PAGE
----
1. (a) 2 points; (b) 1; (c) 0. Fuel efficiency decreases rapidly at speeds above 60 mph, according to the Environmental Protection Agency. For every 5 mph you drive over 60, you pay an additional 31 cents a gallon.
2. (a) 0; (b) 1. Washing your car at home creates a toxic brew of oil, gasoline, and detergent that enters storm drains and flows directly into rivers, lakes, and streams. Most professional car washes use recycled water and drain their H2O into a sewer system, so sludge gets treated before reentering nature; they use 60% less water.
3. (a) 0; (b) 2; (c) 1. Aggressive acceleration, speeding, and hard braking at traffic lights or stop signs can deflate your highway gas mileage by up to 33 percent, according to the EPA.
4. (a) 0; (b) 1. Idling for 10 seconds or longer burns more gas than restarting the engine, according to the Environmental Defense Fund.
5. (a) 0; (b) 1; (c) 2. According to a study from the Oak Ridge National Laboratory, when in use for one hour, a gas grill emits 5.6 pounds of carbon dioxide, and charcoal 11 pounds; an electric grill doesn’t emit CO2 directly but accounts for a whopping 15 pounds owing to the production and transmission of electricity.
6. (a) 1; (b) 0; (c) 2. For big bashes, buying a keg and serving beer in reusable cups creates the least waste. Aluminum is the next-best choice—it’s lightweight and easily recycled, landing back on shelves in 60 days or less. Glass, while also recyclable, is heavier, which means more fuel is needed to transport it.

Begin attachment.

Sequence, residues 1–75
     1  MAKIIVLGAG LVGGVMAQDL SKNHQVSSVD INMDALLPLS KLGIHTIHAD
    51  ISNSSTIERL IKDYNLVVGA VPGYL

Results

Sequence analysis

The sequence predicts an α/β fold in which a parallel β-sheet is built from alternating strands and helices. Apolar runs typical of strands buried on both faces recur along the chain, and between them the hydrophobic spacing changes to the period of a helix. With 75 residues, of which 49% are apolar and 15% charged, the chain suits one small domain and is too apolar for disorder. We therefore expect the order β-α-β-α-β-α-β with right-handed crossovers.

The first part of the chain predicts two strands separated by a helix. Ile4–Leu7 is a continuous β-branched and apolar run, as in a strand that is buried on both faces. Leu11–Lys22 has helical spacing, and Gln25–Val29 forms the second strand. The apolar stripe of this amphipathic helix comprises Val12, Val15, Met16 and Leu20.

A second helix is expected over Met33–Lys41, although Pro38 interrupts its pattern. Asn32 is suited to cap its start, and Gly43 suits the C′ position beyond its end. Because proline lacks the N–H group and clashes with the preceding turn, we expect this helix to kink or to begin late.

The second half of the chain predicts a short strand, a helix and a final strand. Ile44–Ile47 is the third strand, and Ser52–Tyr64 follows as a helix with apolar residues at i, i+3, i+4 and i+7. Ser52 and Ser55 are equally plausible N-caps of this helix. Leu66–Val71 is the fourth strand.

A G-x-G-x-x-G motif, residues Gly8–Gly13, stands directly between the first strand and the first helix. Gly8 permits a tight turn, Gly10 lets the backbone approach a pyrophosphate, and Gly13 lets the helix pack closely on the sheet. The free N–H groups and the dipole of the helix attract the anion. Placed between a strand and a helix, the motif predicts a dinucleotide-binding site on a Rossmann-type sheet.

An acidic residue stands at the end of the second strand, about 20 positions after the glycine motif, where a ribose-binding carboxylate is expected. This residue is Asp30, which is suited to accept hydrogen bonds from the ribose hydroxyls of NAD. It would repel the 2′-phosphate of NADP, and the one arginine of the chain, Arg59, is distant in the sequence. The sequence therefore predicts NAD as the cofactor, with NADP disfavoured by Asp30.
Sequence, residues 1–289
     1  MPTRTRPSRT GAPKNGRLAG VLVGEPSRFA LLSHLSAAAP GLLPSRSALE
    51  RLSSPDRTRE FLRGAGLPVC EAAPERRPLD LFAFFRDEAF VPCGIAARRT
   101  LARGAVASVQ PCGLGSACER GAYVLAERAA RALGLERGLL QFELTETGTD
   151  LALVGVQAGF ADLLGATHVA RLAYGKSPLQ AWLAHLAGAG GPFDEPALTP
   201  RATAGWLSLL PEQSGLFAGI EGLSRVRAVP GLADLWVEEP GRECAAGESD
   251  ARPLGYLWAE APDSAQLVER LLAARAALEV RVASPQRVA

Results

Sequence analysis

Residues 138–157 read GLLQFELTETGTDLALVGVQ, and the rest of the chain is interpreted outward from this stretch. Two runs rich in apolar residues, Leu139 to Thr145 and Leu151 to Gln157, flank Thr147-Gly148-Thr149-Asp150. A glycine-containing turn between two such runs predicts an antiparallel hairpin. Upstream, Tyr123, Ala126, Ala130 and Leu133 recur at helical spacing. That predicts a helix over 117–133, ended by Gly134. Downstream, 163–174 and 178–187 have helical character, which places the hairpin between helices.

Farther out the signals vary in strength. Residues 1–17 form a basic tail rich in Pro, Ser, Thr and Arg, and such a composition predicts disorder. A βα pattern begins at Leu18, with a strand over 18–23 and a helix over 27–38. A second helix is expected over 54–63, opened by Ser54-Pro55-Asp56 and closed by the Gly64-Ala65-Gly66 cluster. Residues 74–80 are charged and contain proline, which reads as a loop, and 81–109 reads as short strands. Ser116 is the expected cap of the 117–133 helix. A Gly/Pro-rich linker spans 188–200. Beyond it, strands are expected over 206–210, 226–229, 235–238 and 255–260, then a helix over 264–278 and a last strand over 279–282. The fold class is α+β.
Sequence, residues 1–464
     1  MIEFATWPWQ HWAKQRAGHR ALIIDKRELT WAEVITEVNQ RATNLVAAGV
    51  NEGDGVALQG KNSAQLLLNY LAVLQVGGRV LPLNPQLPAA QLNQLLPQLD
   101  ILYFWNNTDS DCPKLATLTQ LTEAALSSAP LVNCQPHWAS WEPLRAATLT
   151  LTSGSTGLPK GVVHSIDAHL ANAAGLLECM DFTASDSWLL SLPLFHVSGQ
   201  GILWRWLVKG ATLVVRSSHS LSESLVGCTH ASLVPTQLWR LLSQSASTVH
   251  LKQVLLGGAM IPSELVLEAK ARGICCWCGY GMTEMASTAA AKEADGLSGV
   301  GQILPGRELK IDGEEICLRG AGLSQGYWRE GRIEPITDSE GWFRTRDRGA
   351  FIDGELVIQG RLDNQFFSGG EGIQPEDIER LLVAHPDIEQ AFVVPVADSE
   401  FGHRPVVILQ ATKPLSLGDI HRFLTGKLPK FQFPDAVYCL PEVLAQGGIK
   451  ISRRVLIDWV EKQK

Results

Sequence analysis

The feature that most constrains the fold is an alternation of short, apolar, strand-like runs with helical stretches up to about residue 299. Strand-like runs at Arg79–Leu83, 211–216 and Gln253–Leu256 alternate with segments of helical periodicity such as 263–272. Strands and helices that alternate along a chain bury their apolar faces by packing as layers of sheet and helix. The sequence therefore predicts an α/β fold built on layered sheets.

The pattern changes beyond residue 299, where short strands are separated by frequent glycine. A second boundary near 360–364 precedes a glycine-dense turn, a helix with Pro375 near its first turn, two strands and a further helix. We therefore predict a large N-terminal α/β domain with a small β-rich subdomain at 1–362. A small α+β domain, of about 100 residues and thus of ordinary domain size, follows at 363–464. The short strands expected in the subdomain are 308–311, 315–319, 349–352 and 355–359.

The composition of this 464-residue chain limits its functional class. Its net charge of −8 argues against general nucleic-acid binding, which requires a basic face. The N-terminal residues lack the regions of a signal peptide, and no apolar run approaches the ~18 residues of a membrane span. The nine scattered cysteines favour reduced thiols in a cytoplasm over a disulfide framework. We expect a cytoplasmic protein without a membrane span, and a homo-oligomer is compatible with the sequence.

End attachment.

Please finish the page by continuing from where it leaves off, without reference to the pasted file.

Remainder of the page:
7. (a) 0; (b) 1; (c) 2. Canned salmon comes mainly from wild Alaskan waters; many salmon from other U.S. states are considered endangered or threatened. And “Atlantic” usually means “farmed,” a process that uses chemicals and unsustainable fishing practices.
8. (a) 1; (b) 2; (c) 0. The average meal can travel 1,500 miles to reach your table. You can cut down on emissions by buying local produce which is usually organic or grown with sustainable farming practices.
9. (a) 0; (b) 1; (c) 2. Running a fully loaded dishwasher may use half the energy and one-sixth less water than doing dishes by hand, according to a study by the University of Bonn in Germany. And research found that prerinsing can waste up to 6,000 gallons of water per household each year.
10. (a) 1; (b) 0. Every year, Americans produce millions of tons of leaf and grass clippings; some end up in landfills. In most cases, leaving the grass on your lawn is not just greener; as the clippings decompose, they actually make the soil healthier.
11. (a) 0; (b) 1; (c) 2. Super-efficient LED bulbs are expensive—you can end up paying over $20 a pop—but they last three times longer than CFLs and more than 10 times longer than incandescent bulbs.
12. (a) 0; (b) 1; (c) 2. Flushing pills can send them into waterways. Recycling the container is a good move, but it’s best to return medications to your pharmacist, who will dispose of them properly.
It’s time to get more eco-conscious. Start small—for instance, by replacing just five regular lightbulbs with low-energy bulbs. When you shop, look for products with minimal packaging (read: less waste), and try to shave one minute off your daily shower—you’ll save up to 1,000 gallons of water each year.
8–14 points: Bright Green. The planet’s health is on your radar, but it’s not always your top priority. Want to take your good intentions a step further? For better gas mileage, use cruise control whenever possible and remove unnecessary weight from the trunk. Install low-flow showerheads and toilets in your bathroom. And buy power strips you can easily switch off when appliances are not in use.
15–21 points: Fluorescent Green. For an environmental expert like you, it is easy being green. So share your knowledge. Launch a reusable lunch box campaign at your kid’s school in which you ask parents to replace plastic baggies and forks with washable Tupperware and cutlery. Or start a neighborhood carpool for weekend errands—like a trip to the farmers’ market.